'Israelis Alarmed by Sharon Escalation'

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TIME.com: How have Israelis responded to Prime Minister Ariel Sharon's decision to bomb the West Bank with F-16s on Friday?

Matt Rees: He's been fairly widely criticized for overreacting, particularly in editorials in the Israeli media, where sending the F-16s has been seen as out of proportion, leaving fewer places to go after this and bringing international criticism without any real positive gain. Essentially, if Israel had done the same thing with helicopter gun-ships, it might have passed unnoticed by the international media. But using fighter planes has drawn fierce criticism. Until now they've been almost routinely assassinating people and going into the Palestinian-controlled Area A and it wasn't getting that much attention — editors had lost interest in stories about it because it had become commonplace — but this brought renewed criticism.

So it's seen here as an error in international terms, but Israeli editorials and politicians are concerned that it's an escalation that leaves little room for maneuver. One asked, if this is the response when a terrorist bomb kills five people, what are we doing to do when a terrorist bomb kills 20 — drop a nuclear bomb on Ramallah? There's a concern that this escalation has come too early, and too cheap. And that it hasn't done very much to help Israel's situation.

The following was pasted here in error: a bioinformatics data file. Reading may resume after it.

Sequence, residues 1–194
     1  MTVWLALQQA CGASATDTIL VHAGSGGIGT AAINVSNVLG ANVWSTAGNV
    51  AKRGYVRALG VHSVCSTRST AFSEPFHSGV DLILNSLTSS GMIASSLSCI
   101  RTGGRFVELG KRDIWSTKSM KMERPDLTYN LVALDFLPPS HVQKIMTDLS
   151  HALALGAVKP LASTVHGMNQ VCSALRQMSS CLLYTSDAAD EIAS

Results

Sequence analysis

Worse, perhaps, the air strikes had to have pleased Hamas and Hizbollah…

Yes, that's exactly what they want. When they send a suicide bomber, it has a dual purpose. To kill Israelis, and also to draw the harshest possible response because it helps them politically. That was the way Hizbollah fought their war in Lebanon. Now, the radical groups have provoked Sharon into a serious escalation that's causing him political and diplomatic problems. Until now, Sharon's strategy had simply been an intensified version of the things Barak had done. But the air strikes mark a serious departure.

Does this put pressure on Sharon's government — will it cause the Labor Party to rethink whether it wants to be in his unity government?

Not really. The conditions that led them into the unity government haven't really changed. And remember, it's not just Sharon making these decisions. The Defense Minister, Benjamin Ben-Eliezer, who has had a strong hand in these decisions is actually a candidate for the Labor Party leadership. Sharon has always been very good at having someone to blame when his plans go wrong. He used to blame those above him, like former Prime Minister Menahem Begin. Now that he's in power, he has people below him to blame. Ben Eliezer takes part of the heat on defense issues, diplomatic setbacks can be blamed on foreign minister Shimon Peres, and so on.